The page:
New U.S. Census data show Massachusetts isn’t growing as fast as other states. That means the state will lose a congressional seat in the next election. Democratic commentator Dan Payne offers his analysis.
Redistricting is usually a matter of seniority: Those with the least get hurt; those with the most get what they want.
Normally, that would put newly elected Rep. Bill Keating and recently elected Rep. Niki Tsongas on the low end of the totem pole. But this year there are other factors. The possible retirement of Rep. Barney Frank and the Senate candidacies of Reps. Mike Capuano and Stephen Lynch could affect the map. Also, the plans of legislators who might want to run if any of the three don’t run for re-election can shape the outlines of districts.
As dean of the delegation, Rep. Ed Markey will look out for the interests of incumbent members and will attempt to influence the mapmakers on Beacon Hill. The idea is to create districts where there are enough Democrats and Democratic-leaning independents to assure that a Democrat has an excellent chance to win. The 10th Congressional District needs Democrats and that means going west or north. The 5th needs more liberal towns, which are to the south.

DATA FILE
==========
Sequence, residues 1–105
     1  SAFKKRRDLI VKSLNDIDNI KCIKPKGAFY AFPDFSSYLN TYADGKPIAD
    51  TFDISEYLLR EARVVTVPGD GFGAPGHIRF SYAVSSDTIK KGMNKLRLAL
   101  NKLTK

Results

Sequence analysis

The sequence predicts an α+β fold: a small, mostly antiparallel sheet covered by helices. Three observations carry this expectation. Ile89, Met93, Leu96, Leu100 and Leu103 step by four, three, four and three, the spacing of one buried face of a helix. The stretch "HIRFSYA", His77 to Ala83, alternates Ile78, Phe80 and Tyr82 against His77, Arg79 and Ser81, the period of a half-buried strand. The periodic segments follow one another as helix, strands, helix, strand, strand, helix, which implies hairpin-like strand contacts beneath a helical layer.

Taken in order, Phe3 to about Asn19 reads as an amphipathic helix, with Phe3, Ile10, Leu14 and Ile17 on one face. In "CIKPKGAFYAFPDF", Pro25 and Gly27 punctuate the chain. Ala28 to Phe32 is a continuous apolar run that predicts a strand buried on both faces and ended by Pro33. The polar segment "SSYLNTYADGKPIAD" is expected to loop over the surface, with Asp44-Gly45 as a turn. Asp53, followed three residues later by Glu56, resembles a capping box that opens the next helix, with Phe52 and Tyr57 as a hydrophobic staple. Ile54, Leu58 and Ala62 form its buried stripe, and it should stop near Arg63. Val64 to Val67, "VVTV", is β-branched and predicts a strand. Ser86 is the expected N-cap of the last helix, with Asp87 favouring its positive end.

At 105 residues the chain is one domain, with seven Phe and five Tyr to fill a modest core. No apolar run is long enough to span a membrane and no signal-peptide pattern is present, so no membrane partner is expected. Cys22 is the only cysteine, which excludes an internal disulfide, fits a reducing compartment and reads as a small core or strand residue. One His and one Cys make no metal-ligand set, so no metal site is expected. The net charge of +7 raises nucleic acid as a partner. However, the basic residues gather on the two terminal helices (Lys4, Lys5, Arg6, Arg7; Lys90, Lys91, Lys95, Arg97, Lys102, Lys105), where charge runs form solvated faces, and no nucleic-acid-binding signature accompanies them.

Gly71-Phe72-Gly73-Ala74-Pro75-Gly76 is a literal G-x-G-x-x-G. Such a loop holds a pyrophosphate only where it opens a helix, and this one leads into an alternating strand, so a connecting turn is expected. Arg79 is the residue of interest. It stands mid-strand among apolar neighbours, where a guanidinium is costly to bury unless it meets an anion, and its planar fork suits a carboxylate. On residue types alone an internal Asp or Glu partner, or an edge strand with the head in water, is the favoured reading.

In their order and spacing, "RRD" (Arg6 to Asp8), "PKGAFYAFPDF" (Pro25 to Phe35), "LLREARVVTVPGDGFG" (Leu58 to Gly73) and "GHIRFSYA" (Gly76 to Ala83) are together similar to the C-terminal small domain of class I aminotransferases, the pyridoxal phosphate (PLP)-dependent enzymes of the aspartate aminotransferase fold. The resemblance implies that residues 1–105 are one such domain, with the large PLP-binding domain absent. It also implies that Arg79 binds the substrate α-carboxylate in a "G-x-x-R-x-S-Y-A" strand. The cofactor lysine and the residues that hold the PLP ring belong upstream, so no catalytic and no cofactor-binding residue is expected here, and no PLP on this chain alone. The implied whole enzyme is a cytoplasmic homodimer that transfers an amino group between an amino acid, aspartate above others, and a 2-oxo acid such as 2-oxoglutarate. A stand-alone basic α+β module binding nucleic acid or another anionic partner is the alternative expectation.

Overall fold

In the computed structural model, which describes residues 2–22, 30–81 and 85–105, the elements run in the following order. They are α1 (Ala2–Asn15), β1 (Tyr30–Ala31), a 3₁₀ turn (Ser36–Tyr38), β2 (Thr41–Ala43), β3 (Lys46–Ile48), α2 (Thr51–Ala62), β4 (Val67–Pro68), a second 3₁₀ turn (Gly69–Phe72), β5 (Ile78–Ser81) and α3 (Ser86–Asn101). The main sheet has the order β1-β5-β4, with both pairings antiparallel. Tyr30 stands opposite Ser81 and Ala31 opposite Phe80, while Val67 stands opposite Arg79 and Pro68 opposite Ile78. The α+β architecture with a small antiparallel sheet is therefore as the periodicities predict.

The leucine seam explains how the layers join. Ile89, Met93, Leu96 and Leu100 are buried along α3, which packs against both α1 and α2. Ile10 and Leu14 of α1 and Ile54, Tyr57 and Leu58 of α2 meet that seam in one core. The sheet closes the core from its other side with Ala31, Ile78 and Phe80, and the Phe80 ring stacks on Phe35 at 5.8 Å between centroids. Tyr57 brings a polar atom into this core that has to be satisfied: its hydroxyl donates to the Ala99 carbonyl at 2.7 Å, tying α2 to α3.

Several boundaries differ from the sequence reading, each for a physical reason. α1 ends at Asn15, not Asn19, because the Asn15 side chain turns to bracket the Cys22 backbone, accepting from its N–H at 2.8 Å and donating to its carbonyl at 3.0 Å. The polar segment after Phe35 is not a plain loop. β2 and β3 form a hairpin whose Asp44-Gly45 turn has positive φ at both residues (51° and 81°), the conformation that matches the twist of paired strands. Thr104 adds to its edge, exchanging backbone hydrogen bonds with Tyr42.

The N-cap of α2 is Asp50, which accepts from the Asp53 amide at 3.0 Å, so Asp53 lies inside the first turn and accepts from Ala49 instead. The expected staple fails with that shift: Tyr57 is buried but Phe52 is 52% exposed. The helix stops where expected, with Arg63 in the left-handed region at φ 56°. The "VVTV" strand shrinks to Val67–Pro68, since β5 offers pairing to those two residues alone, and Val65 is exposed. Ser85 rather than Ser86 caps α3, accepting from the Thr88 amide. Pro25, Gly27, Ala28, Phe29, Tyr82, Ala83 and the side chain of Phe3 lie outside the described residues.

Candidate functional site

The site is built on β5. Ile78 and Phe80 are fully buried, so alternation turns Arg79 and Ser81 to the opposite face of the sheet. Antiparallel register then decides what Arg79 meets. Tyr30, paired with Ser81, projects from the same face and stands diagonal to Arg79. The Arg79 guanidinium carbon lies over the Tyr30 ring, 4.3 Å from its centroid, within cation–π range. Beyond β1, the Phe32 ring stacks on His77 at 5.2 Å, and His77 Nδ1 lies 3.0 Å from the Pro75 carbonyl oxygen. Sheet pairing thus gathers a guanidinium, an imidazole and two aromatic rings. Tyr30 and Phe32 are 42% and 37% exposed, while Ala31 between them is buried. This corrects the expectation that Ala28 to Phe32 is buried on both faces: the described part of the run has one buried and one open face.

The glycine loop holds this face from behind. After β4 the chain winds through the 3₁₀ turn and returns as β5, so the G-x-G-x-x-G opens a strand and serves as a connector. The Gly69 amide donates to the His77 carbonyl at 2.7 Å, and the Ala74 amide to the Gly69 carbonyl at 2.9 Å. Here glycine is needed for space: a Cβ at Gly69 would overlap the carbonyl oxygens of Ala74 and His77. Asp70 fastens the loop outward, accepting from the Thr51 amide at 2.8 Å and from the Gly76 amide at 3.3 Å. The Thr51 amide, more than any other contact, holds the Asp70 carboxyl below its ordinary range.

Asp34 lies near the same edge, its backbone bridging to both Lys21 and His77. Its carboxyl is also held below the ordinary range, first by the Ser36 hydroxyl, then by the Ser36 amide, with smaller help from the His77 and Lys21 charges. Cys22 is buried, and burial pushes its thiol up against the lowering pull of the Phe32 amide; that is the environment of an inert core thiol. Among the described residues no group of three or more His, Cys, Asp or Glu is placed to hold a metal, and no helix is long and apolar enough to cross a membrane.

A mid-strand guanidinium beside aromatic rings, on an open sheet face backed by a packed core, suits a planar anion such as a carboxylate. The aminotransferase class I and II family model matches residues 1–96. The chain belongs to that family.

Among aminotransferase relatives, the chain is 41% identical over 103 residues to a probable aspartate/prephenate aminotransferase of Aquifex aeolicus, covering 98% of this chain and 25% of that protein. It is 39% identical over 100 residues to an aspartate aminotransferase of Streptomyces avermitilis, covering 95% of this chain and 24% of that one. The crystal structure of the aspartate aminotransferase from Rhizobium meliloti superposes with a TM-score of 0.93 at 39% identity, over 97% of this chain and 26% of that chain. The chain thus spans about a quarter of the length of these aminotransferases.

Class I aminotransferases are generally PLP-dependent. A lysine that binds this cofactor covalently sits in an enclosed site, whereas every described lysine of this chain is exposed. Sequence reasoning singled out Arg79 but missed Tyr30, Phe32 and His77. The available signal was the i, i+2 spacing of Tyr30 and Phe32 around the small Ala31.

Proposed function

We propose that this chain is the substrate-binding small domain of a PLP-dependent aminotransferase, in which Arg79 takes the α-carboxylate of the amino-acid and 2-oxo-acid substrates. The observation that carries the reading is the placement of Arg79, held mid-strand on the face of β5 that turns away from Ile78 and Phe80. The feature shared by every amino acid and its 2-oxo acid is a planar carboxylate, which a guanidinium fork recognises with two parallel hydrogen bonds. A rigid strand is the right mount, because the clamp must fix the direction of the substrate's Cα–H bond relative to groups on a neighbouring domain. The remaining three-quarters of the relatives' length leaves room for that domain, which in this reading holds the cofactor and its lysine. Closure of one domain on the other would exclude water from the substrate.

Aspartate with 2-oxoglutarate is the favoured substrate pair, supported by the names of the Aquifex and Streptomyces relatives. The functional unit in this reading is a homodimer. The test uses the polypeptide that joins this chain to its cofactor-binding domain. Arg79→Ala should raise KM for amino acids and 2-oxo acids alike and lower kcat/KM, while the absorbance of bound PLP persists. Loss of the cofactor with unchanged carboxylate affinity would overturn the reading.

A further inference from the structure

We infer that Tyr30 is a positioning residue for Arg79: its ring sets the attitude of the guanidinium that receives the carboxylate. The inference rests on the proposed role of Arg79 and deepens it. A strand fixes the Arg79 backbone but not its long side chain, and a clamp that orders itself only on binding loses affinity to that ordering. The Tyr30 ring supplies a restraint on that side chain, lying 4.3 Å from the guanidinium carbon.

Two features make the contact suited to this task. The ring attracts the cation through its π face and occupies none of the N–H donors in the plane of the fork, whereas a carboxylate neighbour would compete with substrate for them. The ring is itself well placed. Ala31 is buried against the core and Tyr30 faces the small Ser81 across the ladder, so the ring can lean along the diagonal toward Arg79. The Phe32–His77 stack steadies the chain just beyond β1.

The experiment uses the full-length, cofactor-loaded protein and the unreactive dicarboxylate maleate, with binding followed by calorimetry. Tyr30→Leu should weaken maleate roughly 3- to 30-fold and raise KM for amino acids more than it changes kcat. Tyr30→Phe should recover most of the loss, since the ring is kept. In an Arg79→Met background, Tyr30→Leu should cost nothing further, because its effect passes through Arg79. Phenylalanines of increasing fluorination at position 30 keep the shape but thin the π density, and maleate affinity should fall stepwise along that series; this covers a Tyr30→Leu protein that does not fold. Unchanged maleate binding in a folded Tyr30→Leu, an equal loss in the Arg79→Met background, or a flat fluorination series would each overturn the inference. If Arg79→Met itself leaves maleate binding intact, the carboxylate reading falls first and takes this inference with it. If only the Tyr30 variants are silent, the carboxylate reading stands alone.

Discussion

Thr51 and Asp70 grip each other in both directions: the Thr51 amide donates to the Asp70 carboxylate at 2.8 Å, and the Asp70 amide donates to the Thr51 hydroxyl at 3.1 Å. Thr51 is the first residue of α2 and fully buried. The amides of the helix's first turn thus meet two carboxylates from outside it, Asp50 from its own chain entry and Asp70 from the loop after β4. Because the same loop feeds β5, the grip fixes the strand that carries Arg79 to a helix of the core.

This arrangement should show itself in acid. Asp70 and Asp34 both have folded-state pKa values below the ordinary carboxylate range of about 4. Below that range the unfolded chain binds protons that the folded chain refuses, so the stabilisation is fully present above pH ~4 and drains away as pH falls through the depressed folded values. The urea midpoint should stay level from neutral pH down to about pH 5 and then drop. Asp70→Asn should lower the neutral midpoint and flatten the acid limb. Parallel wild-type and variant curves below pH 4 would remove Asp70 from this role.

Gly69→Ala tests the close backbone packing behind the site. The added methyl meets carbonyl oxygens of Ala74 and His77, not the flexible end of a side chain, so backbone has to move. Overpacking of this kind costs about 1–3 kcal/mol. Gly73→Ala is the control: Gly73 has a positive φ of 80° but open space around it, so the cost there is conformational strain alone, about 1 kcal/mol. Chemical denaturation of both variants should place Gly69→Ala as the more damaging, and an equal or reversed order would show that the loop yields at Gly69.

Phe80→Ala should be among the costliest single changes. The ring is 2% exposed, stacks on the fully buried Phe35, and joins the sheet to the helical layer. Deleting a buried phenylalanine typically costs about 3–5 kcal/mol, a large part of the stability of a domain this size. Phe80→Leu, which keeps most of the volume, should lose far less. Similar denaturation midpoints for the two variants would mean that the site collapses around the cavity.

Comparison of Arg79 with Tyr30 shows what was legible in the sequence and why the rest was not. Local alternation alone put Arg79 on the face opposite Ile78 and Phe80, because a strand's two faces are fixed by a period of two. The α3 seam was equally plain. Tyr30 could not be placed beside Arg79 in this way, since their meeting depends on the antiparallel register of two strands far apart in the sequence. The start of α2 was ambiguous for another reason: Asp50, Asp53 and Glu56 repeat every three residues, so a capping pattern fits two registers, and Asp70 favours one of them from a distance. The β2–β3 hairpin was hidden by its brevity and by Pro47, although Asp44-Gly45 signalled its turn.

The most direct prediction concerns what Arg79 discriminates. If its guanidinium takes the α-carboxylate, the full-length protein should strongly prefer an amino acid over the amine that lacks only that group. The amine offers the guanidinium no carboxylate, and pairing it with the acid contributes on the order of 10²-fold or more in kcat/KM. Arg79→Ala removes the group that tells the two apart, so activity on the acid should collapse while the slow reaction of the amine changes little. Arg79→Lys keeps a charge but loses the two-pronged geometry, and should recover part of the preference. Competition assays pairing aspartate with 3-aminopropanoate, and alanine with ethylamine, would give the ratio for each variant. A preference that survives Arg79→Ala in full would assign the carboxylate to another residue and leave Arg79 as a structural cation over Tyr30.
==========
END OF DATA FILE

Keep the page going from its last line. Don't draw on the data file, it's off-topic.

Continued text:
The last time redistricting was a major factor was in 1982, when a newly elected Frank was intentionally put in a district that had elected Rep. Margaret Heckler for eight terms — it was designed by the Legislature to punish Frank for his less than admiring views of the Great and General Court. Frank defied the Legislature, the Pope and Heckler to put off a miraculous win.
As a longtime watcher and resident of the 4th district, I think an interesting subplot in redistricting is what happens to Newton and Brookline — with Cambridge, they form the core of liberal Massachusetts. If Frank decides to retire, will they be kept together, and who will get them? Also, Capuano’s 8th district has a ton of Democrats with Boston, Cambridge and Somerville. If he runs for Sen. Scott Brown’s seat, where do they go? Ditto for Lynch.
This is very serious stuff, and it often pits D.C. Democrats against Beacon Hill Democrats. As they say in politics, where you stand depends on where you sit.
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